The Thing About Today – May 25

May 25, 2020
Day 146 of 366

 

May 25th is the 146th day of the year. It is Memorial Day in the United States, a day for honoring and mourning the military personnel who have died while serving in the United States Armed Forces. The day is typically observed on the last Monday in May.

In the United States, today is “celebrated” as National Missing Children’s Day, National Tap Dance Day, National Brown-Bag It Day, and National Wine Day.

 

Historical items of note:

  • In 240 BC, the first perihelion passage of Halley’s Comet was recorded.
  • In 1787, after a delay of 11 days, the United States Constitutional Convention formally convened in Philadelphia after a quorum of seven states was secured.
  • In 1803, poet and philosopher Ralph Waldo Emerson was born.
  • In 1878, Gilbert and Sullivan’s comic opera H.M.S. Pinafore opened at the Opera Comique in London.
  • In 1889, Russian-American aircraft designer, and founder of Sikorsky Aircraft, Igor Sikorsky was born.
  • In 1895, playwright, poet, novelist, and aesthete Oscar Wilde was convicted of “committing acts of gross indecency with other male persons” and sentenced to serve two years in prison.
  • In 1925, John T. Scopes was indicted for teaching Charles Darwin’s theory of evolution in Tennessee. This led to the famous Scopes Trial.
  • In 1927, soldier and author Robert Ludlum was born. One of his best-known characters is Jason Bourne.
  • In 1931, director and producer Irwin Winkler was born.
  • In 1939, actor Ian McKellen was born.
  • Also in 1939, actress Dixie Carter was born.
  • In 1944, puppeteer, filmmaker, and actor Frank Oz was born.
  • In 1951. director, producer, and screenwriter Bob Gale was born.
  • In 1953, the United States conducted its first and only nuclear artillery test. The test was conducted at the Nevada Test Site.
  • In 1961, United States President John F. Kennedy announced, before a special joint session of Congress, his goal to initiate a project to put a “man on the Moon” before the end of the decade. The Apollo project would succeed at his vision eight years later.
  • In 1969, actress Anne Heche was born.
  • In 1972, actress and author Octavia Spencer was born.
  • In 1976, actor Cillian Murphy was born.
  • In 1977, Star Wars was released to theaters, changing the science fiction landscape forever. It would later be renamed as Star Wars: Episode IV – A New Hope as the franchise grew and thrived.
  • In 1979, Alien was released.
  • In 1983, Star Wars: Episode VI – Return of the Jedi was released.
  • In 2008, NASA’s Phoenix spacecraft landed in the Green Valley region of Mars to search for environments suitable for water and microbial life.
  • In 2011, Oprah Winfrey aired her last show, ending her twenty-five-year run of The Oprah Winfrey Show.
  • In 2012, the SpaceX Dragon became the first commercial spacecraft to successfully rendezvous with the International Space Station.
  • In 2017, Wonder Woman premiered, becoming the first superhero film directed by a woman.

 

May 25th is Geek Pride Day and Towel Day.

Towel Day is a tribute to author Douglas Adams, created by his fans. To celebrate, fans openly carry a towel with them, as described in Adams’ The Hitchhiker’s Guide to the Galaxy, to demonstrate their appreciation for the books and the author.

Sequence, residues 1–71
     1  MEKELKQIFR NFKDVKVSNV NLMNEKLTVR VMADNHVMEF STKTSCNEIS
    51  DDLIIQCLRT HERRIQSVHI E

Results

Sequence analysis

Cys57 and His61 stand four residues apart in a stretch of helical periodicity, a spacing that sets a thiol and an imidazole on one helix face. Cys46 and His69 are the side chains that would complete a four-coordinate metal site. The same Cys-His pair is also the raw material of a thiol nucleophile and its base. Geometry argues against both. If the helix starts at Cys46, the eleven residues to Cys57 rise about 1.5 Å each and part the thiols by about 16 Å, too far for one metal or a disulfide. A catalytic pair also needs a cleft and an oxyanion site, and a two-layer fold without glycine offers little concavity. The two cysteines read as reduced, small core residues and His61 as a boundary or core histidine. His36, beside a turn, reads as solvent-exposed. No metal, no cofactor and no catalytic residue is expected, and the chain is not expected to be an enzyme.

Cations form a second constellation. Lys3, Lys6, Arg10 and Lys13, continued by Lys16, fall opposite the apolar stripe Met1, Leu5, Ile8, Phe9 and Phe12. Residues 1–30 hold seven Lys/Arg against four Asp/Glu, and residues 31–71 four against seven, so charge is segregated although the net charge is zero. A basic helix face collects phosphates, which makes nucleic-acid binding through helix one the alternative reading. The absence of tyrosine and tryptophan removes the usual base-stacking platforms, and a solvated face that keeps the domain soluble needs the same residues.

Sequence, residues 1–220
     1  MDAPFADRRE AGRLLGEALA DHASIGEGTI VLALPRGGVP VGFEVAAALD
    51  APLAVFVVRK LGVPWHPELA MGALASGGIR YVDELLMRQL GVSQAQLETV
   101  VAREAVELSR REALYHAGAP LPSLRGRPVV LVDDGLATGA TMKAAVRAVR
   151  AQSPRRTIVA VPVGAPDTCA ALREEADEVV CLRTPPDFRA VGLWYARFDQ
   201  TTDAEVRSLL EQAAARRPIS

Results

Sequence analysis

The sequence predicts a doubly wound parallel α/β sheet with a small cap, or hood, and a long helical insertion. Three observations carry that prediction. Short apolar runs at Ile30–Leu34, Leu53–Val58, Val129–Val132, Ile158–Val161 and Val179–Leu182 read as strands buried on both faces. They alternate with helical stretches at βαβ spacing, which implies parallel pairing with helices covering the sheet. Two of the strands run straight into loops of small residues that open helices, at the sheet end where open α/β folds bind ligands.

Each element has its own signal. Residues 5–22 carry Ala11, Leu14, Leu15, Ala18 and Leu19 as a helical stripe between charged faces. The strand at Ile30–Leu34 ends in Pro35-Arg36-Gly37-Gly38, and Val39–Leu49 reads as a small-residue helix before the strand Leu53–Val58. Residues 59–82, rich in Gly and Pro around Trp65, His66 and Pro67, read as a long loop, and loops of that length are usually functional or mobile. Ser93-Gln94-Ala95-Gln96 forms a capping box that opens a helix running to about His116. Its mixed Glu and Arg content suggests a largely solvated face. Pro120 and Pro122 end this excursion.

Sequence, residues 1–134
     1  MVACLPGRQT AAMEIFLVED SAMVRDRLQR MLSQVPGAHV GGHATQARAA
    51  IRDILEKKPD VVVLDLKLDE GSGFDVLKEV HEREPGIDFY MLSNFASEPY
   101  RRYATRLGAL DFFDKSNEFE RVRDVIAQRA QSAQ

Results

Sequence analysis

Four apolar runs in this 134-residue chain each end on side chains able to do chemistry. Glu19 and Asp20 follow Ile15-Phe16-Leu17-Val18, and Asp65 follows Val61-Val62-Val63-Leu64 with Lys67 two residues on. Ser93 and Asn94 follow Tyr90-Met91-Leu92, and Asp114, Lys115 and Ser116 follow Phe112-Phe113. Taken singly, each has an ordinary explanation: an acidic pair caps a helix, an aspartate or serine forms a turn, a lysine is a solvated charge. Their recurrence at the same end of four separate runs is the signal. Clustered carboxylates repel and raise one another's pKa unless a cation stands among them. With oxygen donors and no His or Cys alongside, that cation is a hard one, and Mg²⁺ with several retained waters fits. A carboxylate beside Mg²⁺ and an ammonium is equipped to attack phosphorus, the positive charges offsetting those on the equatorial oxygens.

A towel, it says, is about the most massively useful thing an interstellar hitchhiker can have. Partly it has great practical value. You can wrap it around you for warmth as you bound across the cold moons of Jaglan Beta; you can lie on it on the brilliant marble-sanded beaches of Santraginus V, inhaling the heady sea vapours; you can sleep under it beneath the stars which shine so redly on the desert world of Kakrafoon; use it to sail a miniraft down the slow heavy River Moth; wet it for use in hand-to-hand-combat; wrap it round your head to ward off noxious fumes or avoid the gaze of the Ravenous Bugblatter Beast of Traal (such a mind-bogglingly stupid animal, it assumes that if you can’t see it, it can’t see you — daft as a brush, but very very ravenous); you can wave your towel in emergencies as a distress signal, and of course dry yourself off with it if it still seems to be clean enough.

More importantly, a towel has immense psychological value. For some reason, if a strag (strag: non-hitch hiker) discovers that a hitchhiker has his towel with him, he will automatically assume that he is also in possession of a toothbrush, face flannel, soap, tin of biscuits, flask, compass, map, ball of string, gnat spray, wet weather gear, space suit etc., etc. Furthermore, the strag will then happily lend the hitch hiker any of these or a dozen other items that the hitch hiker might accidentally have “lost.” What the strag will think is that any man who can hitch the length and breadth of the galaxy, rough it, slum it, struggle against terrible odds, win through, and still knows where his towel is, is clearly a man to be reckoned with.

Hence a phrase that has passed into hitchhiking slang, as in “Hey, you sass that hoopy Ford Prefect? There’s a frood who really knows where his towel is.” (Sass: know, be aware of, meet, have sex with; hoopy: really together guy; frood: really amazingly together guy.)

The commemoration was first held on May 25, 2001, two weeks after Adams’ death on May 11th.

 

Geek Pride Day is designed to promote geek culture. Similar events have been celebrated since 1998, but the first official celebration was in 2008, and was heralded by numerous bloggers and the launch of the official website.

 

The Thing About Today is an effort to look at each day of 2020 with respect to its historical context.

For more creativity with a critical eye, visit Creative Criticality.

 

 

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